Glory of money ‘friction’
I’m undergoing a terrible ordeal in my battle with frittering.
My workplace has moved into a super-modern office on top of a supermarket.
It is now dangerously easy to put a thought like: ‘‘I fancy a sausage roll’’ into action.
Thoughts like: ‘‘Mmh, I fancy a double chocolate stout tonight’’ are coming with greater frequency now I spend my days over a nice beer selection.
I have experienced a massive decrease in what a retailer would call ‘‘friction’’, which is shopping industry jargon for the difficulty of buying something.
The greater the friction, the less money people spend, so the harder retailers work to get rid of it.
When I was a nipper, it was hard to spend money. No-one had credit cards. Shops shut early, and didn’t open on Sundays.
Once the closed sign was up, you couldn’t buy anything. The internet had been invented, but you couldn’t shop on it.
These days your lounge is a shopping mall whenever there’s a screen open. If you are awake, you can shop.
Even the action of buying has lost friction.
Writing out cheques and counting out cash have largely gone. These days PINs often don’t even need entering. If you’re too lazy to get a card out, just wave your wallet at the terminal.
As friction diminishes, people need more willpower and anticonsumer defence strategies. Here are some of mine. Willful ignorance: I virtually stopped watching TV years’ ago, so I don’t see much advertising. I’m squeamish about violence, and bored by reality shows.
I know less than I used to about things I could buy. As a result, I don’t yearn for them. Cutting screen time reduces consumer pressure.
Place avoidance: I dislike shopping. I detest malls. Replacing recreational shopping with more healthy pursuits (walks in the bush, trips to the beach, etc) increases willful ignorance, and physically separates you from temptation. Double win.
Big picture thinking: Do you want another shirt, or do you want a mortgage until you are 72? Fair question.
Is that coffee a coffee, or is it the partial sacrifice of your early retirement? Focusing on the big uses for money makes it easier to avoid frittering.
Happiness focus: Focus on using money to bring deep happiness. Ask yourself: ’’Will knocking four months off the mortgage make me happier than bringing forward the purchase of a new car by a year?’’ Train yourself to ask the question.
Increasing personal friction: Many people do it. They leave their credit cards at home, or don’t carry change, if there’s a vending machine at work. They’re sabotaging their ability to spend.
Joyless sneering: I know it doesn’t sound very pleasant, and I don’t do it out loud, but I am suspicious about the personal finances of the best-dressed, besthoused people I know. When I find myself inclined to envy, I defend myself with speculation about the state of the envied party’s debts.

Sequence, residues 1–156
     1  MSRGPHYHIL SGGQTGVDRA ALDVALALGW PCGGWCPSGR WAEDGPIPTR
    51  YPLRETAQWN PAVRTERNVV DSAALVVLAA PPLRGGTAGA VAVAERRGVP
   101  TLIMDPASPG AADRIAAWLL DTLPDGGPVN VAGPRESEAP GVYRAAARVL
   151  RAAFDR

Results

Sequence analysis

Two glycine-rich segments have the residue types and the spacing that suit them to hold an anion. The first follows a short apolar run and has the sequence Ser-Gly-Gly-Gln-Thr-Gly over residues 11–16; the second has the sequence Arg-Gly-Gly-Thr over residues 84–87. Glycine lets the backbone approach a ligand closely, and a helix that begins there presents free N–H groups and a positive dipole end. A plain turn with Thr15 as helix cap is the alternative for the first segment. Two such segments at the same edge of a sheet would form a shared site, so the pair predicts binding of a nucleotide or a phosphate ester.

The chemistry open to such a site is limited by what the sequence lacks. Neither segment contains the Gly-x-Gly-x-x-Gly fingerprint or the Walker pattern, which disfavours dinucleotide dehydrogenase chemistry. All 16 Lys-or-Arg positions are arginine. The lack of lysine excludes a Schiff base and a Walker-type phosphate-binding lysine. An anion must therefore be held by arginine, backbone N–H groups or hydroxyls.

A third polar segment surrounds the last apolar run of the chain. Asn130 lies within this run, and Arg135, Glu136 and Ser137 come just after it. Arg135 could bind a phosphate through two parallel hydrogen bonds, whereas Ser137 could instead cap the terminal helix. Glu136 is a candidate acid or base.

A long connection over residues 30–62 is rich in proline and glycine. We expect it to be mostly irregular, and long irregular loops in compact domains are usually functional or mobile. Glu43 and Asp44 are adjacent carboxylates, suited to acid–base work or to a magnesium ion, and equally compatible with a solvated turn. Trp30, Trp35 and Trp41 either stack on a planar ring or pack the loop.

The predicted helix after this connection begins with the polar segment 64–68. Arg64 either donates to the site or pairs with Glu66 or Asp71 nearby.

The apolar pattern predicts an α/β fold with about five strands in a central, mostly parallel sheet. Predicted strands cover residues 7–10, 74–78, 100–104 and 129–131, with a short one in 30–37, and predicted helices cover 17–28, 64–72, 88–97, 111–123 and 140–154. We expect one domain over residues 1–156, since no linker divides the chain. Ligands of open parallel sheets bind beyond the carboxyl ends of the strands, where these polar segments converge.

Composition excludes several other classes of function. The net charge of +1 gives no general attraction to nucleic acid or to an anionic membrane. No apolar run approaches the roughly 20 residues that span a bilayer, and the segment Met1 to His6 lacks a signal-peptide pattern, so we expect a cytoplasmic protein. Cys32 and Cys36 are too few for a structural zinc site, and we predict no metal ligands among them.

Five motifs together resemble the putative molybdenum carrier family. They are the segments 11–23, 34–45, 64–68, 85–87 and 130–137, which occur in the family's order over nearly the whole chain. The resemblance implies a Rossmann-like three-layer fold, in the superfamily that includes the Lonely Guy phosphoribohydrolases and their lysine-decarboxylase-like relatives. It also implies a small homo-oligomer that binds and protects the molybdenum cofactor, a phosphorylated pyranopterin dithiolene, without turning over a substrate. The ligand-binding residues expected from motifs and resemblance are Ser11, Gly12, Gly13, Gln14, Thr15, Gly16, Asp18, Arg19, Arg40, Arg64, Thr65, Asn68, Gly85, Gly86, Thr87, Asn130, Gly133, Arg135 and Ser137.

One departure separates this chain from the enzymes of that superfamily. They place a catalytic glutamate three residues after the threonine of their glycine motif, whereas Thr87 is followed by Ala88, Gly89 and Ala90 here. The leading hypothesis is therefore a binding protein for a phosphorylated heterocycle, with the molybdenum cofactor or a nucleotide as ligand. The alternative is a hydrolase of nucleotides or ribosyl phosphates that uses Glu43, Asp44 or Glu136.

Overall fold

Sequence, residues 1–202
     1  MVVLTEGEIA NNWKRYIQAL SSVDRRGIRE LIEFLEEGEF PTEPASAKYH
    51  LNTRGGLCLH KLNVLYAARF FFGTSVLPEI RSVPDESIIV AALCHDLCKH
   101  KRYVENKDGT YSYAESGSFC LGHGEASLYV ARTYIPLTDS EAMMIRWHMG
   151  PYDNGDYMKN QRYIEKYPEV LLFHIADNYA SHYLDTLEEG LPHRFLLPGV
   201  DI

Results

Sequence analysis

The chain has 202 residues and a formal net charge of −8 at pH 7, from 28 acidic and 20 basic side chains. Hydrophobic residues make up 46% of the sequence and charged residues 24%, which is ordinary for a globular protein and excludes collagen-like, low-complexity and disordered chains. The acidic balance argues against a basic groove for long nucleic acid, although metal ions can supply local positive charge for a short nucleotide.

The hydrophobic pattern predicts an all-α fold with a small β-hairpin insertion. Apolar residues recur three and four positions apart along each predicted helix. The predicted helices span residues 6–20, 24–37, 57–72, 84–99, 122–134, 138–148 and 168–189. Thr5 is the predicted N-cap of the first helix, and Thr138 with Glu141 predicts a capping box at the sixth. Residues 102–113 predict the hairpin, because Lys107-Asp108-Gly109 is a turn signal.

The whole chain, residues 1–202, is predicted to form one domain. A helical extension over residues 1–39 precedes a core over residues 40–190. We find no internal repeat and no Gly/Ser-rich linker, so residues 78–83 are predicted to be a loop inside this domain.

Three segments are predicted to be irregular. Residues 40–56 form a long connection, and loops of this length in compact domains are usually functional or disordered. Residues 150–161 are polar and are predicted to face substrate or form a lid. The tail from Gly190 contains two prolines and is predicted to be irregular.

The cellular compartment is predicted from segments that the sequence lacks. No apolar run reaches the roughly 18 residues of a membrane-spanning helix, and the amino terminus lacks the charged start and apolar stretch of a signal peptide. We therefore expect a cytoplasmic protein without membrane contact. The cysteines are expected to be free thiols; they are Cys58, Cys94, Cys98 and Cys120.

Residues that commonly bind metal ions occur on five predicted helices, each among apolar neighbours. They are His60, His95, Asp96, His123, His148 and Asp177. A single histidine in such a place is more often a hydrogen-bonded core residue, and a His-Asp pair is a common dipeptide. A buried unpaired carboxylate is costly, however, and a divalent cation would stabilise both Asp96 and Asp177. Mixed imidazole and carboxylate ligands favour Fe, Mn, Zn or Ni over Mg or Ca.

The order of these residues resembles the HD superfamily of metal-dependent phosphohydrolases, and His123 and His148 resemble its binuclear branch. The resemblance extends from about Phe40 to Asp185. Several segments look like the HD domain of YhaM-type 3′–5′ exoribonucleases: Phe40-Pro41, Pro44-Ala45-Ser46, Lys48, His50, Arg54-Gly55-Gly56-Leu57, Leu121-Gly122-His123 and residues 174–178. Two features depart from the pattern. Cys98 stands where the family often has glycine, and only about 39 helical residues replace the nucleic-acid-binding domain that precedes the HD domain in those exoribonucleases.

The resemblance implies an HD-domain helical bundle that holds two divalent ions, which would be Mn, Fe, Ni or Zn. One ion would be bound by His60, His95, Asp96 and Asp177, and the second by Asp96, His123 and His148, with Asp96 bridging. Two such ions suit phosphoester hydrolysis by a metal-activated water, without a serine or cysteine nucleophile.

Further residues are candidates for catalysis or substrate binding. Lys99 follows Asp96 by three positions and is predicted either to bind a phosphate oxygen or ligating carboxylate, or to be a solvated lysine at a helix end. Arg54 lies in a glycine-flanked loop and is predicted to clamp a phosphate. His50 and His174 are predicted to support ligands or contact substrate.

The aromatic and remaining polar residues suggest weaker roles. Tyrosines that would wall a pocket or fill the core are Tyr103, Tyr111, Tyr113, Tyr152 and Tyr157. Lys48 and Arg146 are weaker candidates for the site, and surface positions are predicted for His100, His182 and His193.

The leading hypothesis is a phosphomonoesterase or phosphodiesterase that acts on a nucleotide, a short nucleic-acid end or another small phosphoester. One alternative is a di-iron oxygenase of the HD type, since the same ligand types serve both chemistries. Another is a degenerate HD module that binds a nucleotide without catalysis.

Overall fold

Beware frictionless spending. Focus on spending for deep happiness.
Work on your willpower Last week, Auckland’s average house price reached just over a million dollars, making the City of Sails an even more expensive location than London.
For any Britons who have been hoping to escape here in the wake of Brexit, the bad news in the Guardian newspaper was that ’’New Zealand has the world’s most frenetic property market’’.
This extraordinary property boom continued to outstrip the ability of Parliament to respond.
Last week, Building and Housing Minister Nick Smith was championing legislation that will create eight special housing areas totalling 762 hectares of greenfields land for housing in Auckland.
Gradually, the legislation will also help to free up land elsewhere via a national standards process that will take three years to fully take effect.
‘‘There is no silver bullet to New Zealand’s longstanding housing issues, but this bill takes a further step in the right direction,’’ Smith conceded.
Smith’s Parliamentary efforts were consistent with the government’s insistence on treating supply as the real problem, and its faith that cranking up the housing supply will eventually make prices affordable for most people.
If only the Auckland City Council zoned even more land, more favourably, for development - so the theory goes - this would boost the supply side of the affordability equation, and all will be well. Eventually.
Not so, alas, in the real world. Yes, many will welcome the emphasis on new state houses being built, rather than old ones being sold. However, new homes comprise only a fraction of the housing market.
Any relief that an increase in housing supply can offer on price will continue to be swamped by demand side factors like the he said. ‘‘Nobody has ever shown … that you can supply enough housing into a market to effectively make prices fall. New supply is two per cent of the housing market. Even if that doubled, what impact would that have?’’
More to the point, the only people able to afford to buy houses, old or new, are the ones who already have a foothold in the property market. With interest rates sloshing around the zero to 2 per cent mark existing homeowners can leverage their access to this cheap credit and to the mortgages involved.
Speculators can do likewise. But for everyone else? Arguably, the government may need to use its own access to cheap money to fund people into housing at a rate beyond its current efforts. Ultimately, we cannot simply build our way to affordability.